We slept as soundly as we have yet on this trip in the cool, dark firehouse and none of us were anxious to get up when the alarm went off a few minutes before 6- but it was part of the deal we'd made with the Asst. Chief. He gave us his card and told us, like everyone has, how wonderful Oregon is and that we will love it there. I certainly am excited to finally get there and see what all the fuss is about, having never been. After some goodbyes, we rolled our bikes down the street to the little diner in town for breakfast. The waitress, a woman probably in her sixties, took our orders and then revealed that she was very surprised to see two groups of cross-country travelers in two consecutive days. Apparently, P.J. and the Segway riders had stopped in to the diner the night before, and were staying with a priest in town who was going to escort them with his car across a very busy north-bound bridge to Evansville across the Ohio River. They are heading along a different path, so it's unlikely we'll see them again, but we wish them the best of luck. We ate some breakfast, I mended an extremely crafty flat-causing protrusion in the interior of my tire, and we rode onward, out of Henderson. We had made the choice to continue going southwest to Cave-In-Rock, where the Underground Railroad and Trans-America Trails intersect, rather than to cut the hypotenuse of the triangle- making our own, shorter and flatter route- to meet up with the Trans-America in Carbondale, IL, because we didn't want to miss any potential sights the Shawnee National Forest and Cave-In-Rock State Park in southern Illinois might hold.
|Not a hill in sight, Erin approves.|
|View of the Ohio River from the ferry.|
Cave-In-Rock is ingeniously named after a cave that was carved into a steep wall of river rock about a mile outside of what is now the town bearing the same name. The cave, though, has a pretty grisly history. It was converted into a tavern and used as a base of operations for river pirates in the 17 and 1800s. The pirates would lure lost travelers in from the river with promises of help or lodging, then usually rape, kill, rob, and ransom the hapless folks as they saw fit. The cave saw a few more iterations as a den of iniquity and some, far less frequent, uses as a shelter for pioneers. Either way, this slaughterhouse is now a tourist attraction with a nice state park adjoining it and wonderful views of the river. The camping is reasonably priced at Cave-In-Rock and we originally intended the area and small town to be the site of our day off. However, once we discovered that it is a dry town, in a dry county, we scratched that plan altogether and decided that after we woke, we would ride a bit of a short day up to Eddyville (not a dry town) and stay there. We settled in to our campsite under one of the camp's pavilions, thanks to the kindness of the camp site administrators, enjoyed some camp cooking and settled in for what turned out to be one of our most comfortable nights, temperature-wise, we'd seen in a while. Not to jinx us, but we've even been dodging rain for almost a week. Fingers crossed, I guess.
8/27 Day 36: Cave-In-Rock, IL to Hayes Canyon Campground and Horse Resort, Eddyville, IL 34 miles (1567 miles)
|We wanted a picture that would look as though we were|
all in a mid-90s alternative rock band. And got it.
We grumbled about the day, the heat, and the hills as we ate and took an inordinately long break for the amount of riding we'd done. While we ate, we talked with the bartender and she mentioned that another pair of cross-country riders was staying in town, and had been in to the bar last night. The two riders, we suspect, are the same two young men riding from Brooklyn to Oregon we'd heard about as early as Cloverport, KY that we've been slowly gaining on. She said they were taking the weekend off in a bed and breakfast in town. If that's the case, we may be hearing about them for a while, since we'll be on the same trail until Oregon. We left town without meeting them, but not before I grabbed a small bottle of whiskey as dry-town insurance, and rode west toward the "hellacious" hills our bartender warned us about. She also mentioned that there is a big, iron bridge on our route that was in the movie "U.S. Marshalls"- funny, the things people want to make sure you know about their towns. The heat was, by this time, a little over 100 and we were stuffed with food and quite uncomfortable while we rode. We sweated out the ride, punctuated by a few stops in the shade and for water refills, until we crossed the hellacious hill, and its brother.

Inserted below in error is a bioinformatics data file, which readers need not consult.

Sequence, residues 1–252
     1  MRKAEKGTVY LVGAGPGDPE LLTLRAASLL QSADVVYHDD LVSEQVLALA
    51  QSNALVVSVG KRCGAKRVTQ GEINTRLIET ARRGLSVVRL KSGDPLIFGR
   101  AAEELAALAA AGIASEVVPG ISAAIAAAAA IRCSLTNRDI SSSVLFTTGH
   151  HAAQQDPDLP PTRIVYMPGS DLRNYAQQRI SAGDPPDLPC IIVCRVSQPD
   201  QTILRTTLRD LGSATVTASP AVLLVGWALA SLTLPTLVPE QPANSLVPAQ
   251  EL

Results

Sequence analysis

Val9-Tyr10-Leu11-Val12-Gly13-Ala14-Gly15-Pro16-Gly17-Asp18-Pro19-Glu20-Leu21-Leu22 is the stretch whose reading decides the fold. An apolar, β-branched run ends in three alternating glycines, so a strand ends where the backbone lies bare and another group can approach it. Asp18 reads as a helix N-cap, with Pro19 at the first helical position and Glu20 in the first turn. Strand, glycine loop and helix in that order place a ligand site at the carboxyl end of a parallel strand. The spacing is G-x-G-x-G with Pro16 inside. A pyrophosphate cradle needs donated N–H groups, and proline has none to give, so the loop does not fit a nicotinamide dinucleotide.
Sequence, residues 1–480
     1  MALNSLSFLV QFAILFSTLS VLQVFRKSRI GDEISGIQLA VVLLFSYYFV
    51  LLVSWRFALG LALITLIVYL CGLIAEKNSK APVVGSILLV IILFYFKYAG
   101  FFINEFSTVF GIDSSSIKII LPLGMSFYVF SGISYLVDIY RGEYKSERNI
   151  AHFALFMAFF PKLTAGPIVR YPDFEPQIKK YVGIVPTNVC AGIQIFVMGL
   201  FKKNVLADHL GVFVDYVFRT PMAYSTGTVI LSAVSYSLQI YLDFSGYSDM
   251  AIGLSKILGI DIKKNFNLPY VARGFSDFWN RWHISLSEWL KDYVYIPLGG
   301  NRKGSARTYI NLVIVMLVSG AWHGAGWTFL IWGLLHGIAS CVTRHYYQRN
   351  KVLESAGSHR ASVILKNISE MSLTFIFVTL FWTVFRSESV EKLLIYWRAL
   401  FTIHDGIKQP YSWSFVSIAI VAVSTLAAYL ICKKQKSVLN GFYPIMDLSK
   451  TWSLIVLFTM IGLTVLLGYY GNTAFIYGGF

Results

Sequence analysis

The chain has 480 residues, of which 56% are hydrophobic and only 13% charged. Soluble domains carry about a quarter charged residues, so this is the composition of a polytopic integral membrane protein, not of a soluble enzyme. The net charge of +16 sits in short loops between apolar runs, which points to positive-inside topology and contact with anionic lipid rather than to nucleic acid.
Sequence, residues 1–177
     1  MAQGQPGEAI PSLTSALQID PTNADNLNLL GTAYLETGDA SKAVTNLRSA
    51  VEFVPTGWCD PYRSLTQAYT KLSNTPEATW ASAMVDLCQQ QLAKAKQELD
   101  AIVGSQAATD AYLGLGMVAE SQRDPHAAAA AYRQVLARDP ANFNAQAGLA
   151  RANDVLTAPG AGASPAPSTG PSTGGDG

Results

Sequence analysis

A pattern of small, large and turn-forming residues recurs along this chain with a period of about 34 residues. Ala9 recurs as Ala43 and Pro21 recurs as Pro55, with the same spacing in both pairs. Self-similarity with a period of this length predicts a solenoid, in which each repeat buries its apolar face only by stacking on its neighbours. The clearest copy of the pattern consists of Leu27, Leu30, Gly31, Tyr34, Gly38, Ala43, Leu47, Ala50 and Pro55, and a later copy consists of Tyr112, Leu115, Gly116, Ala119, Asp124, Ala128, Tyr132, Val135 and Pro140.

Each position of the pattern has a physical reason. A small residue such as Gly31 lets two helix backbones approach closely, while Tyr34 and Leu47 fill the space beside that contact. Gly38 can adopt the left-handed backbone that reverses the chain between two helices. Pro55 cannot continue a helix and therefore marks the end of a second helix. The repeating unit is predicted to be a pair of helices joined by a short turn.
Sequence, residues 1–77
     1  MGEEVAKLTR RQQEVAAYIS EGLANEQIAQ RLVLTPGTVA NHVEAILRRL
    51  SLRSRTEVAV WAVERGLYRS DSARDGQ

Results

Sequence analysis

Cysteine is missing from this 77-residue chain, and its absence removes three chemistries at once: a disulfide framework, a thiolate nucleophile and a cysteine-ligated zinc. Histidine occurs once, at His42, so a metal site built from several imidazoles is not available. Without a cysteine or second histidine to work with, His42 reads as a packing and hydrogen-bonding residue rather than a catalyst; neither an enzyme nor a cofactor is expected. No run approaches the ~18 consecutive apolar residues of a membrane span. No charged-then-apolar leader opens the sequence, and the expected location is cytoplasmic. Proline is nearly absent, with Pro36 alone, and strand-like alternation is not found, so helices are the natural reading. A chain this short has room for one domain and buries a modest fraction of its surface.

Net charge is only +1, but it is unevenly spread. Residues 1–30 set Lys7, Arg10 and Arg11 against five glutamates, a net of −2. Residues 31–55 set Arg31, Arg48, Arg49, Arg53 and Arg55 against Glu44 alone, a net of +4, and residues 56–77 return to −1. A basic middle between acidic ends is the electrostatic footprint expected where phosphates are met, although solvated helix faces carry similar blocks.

The one hill we went up right before Eddyville was perfect in every way; so ideal in the world of hills, that I want to take a second to describe it, because it possesses every feature a super crappy hill to ride up should have. It had what I'll call Singularity. Singularity means (and, yes, I am just making this up) that when you approach the hill, it is the only hill around. There is no hill before it whose down-slope would propel you up the Perfect Hill, so that every foot you climb is entirely self-propelled- giving you plenty of time to wonder why you like bike riding at all. Singularity means, also, that when you look up the hill you should note a few key features. It is mostly in the sun, it is incredibly tall and steep ( I judged this by the fact that Ben, who is normally about a mile ahead of me, was only about 3/4 up the hill when I was starting), and- I think this is the most important factor of the Perfect Hill- you can't see anything beyond the hill when you look up. This means that there are no hills beyond the Hill, and that your effort - all the climbing - is entirely a waste, because you aren't gaining elevation to continue riding on a plateau or up another hill, you are just going to go back down on the other side and end up at the elevation you started at (although ending up lower to make the next hill harder will earn the hill extra credit). This hill had all those features, and the previous paragraph, I suppose, would answer the question "What do you think about when you ride?"
Once past the big Hill, we rode down to the short section of flat ground where Eddyville lays. The first thing we did was stop at the convenience store and stock up for our day off. We got some canadian bacon, eggs, some beer, candy, etc and then made our way to Hayes Canyon Campground and Horse Resort. Apparently, Eddyville is Illinois state's Trail Riding Capital, and there are a couple such horse resorts, which are basically big campgrounds that have plenty of accommodations for horses. We paid for our campground and set up shop for the next day and a half, since we'd decided this would be the site of our day off. The horsemen who rode by were all curious about us and many joked, "Where are your horses?" To which I would respond, "Left them at home, their bikes are in the shop." We had a good camp meal, a shower, and some still cold beers as we whiled away the evening in camp, glad the climbs of the day were done and wouldn't be waiting for us after our zero day. The stamping, neighing, and whinnying around us woke me a couple times in the night, but not too often and not for too long.
8/28 Day 36: Day off in Eddyville
We had some eggs and ham for breakfast and are planning on getting a few games of rummy in today after we take a quick hike to check out the canyon. Not much cell service, but watch the Tumblr and Flickr for photo uploads.
Sorry there couldn't be more photos.